|
China fears that if one province is allowed to separate from theirrule
and
claim independence, then the other 22 provinces may getthe same ideas. Many in China saw what happened in the formerSoviet Union and fear a repeat in their country.
Stacy
Fitzpatrick,
Emily Page, Kristin
Schmidtfrerick,
Amy Kovach, and Nicole Puttwork to build a dream for one South Carolina family during their spring break. The groupwas working along with Campus
Ministry,
j*
|
4
*
Nationally Known Speaker Comes to Hurst
By Dan Hilfiker
Editor-in-Chief
Business entrepreneur, speaker,trainer,
author,vand
^facilitator,Ivory
Dorsey
 from
 Atlanta, Ga.,will be speaking in Sullivan Hallon Wednesday,
March
27,
at
9:30a.m.
Dorseyjwill
be speaking
about
"Diversity, Competition,and Your Bottom Line." Dorseyis sponsored by the Office ofMulticultural Affairs and is partof
a
series of speakers and eventsthat the college is sponsoring incelebration of
Women's
HistoryMonth. The event is
ree
 and
opento the public.Dorsey is a multi-dimensionalnationally known speaker whobrings broad-based expertise de-rived from more that 20 years ofwork
in diverse
assignments. Herbackground includes more than
10 years
with Xerox Corporationin Houston
and
Dallas, Texas, aswell
as
Atlanta, Ga.
Her
high per-formance career includes cus-tomer education, field sales, fieldsales management, and
retail storegenera]
managementDorsey also is the President/Founder of Golden Eagle Busi-ness Services, Inc., which is anAtlanta based speaking, training,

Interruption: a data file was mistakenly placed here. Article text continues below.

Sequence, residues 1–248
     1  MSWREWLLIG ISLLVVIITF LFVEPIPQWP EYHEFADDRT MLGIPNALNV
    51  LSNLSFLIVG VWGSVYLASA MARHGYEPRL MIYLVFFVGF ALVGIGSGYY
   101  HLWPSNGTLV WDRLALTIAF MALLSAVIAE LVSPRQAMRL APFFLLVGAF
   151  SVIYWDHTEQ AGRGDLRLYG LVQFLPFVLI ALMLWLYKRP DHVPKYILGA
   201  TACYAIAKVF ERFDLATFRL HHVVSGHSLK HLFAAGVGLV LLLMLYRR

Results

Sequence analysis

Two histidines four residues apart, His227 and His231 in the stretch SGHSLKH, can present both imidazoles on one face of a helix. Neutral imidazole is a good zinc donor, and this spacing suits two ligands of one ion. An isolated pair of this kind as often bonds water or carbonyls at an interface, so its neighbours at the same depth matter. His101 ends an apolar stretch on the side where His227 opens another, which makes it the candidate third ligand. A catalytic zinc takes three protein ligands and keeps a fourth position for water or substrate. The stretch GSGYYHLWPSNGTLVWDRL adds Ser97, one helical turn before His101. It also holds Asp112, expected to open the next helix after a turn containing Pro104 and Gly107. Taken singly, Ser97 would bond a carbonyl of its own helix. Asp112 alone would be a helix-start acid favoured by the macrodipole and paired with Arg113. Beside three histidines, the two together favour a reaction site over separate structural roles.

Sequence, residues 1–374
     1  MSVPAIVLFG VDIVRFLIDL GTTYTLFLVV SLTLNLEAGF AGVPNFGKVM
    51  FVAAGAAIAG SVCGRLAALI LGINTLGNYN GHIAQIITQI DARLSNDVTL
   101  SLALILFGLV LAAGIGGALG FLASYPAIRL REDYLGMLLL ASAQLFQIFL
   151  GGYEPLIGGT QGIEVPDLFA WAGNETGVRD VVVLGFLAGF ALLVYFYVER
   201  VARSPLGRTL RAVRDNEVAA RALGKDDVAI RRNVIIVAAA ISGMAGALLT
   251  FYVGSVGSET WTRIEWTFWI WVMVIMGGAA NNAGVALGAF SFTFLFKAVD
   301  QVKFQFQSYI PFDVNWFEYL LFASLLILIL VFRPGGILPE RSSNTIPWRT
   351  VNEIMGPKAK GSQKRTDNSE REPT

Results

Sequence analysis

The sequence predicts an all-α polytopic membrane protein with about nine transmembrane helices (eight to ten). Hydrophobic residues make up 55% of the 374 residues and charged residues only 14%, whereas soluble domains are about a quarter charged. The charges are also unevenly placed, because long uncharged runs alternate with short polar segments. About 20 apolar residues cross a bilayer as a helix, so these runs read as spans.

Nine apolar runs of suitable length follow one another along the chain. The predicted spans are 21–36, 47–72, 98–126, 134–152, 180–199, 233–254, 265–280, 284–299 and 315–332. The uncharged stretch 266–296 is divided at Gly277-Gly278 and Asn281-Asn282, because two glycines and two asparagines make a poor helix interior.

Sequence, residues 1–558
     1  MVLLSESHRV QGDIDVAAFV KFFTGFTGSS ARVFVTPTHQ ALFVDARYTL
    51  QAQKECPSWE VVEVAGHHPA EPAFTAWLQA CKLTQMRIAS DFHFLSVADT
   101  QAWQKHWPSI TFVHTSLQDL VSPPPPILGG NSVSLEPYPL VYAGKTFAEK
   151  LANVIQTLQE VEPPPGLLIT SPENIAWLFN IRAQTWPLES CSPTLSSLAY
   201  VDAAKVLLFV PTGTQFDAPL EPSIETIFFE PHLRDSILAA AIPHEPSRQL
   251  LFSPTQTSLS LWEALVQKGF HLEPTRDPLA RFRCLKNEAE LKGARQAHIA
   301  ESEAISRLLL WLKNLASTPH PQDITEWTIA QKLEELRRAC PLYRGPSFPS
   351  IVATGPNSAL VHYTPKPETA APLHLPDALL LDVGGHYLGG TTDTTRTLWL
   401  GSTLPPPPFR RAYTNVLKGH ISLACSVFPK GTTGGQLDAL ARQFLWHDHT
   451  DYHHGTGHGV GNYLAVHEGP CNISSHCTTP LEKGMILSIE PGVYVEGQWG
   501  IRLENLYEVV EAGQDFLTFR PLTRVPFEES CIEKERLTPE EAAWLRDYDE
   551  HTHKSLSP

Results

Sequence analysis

and
consulting firm
helping
orga-
nizations and
individuals respondto the challenge of change.As an independent contractorsince 1984, Dorsey has witnessedunprecedented change in theAmerican workplace. She hasobserved profound change
in the
way that business gets done. To
sum it up
she says,
"It is no
longer
business-as
usual, it has now be-come business unusual."Her newly released book, Uni-versal Appeal: The Bottom LineBenefit of Diversity captures thestrategy that she feels is neededby organizations to mirror theworkplace with the marketplaceto maximize the effectiveness ofdoing-
business.!Her
philosophyis
"To
adapt is to survive."
"Cross
functional teamwork,collaboration, empowerment, andan aggressive approach tocompetitive threats, arebuzzwords
and
philosophies thatDorsey uses
requently,"
 said JuliaWilliams-George,
Director iof
Minority Services. Ivory encour-ages educational institutions tounderstand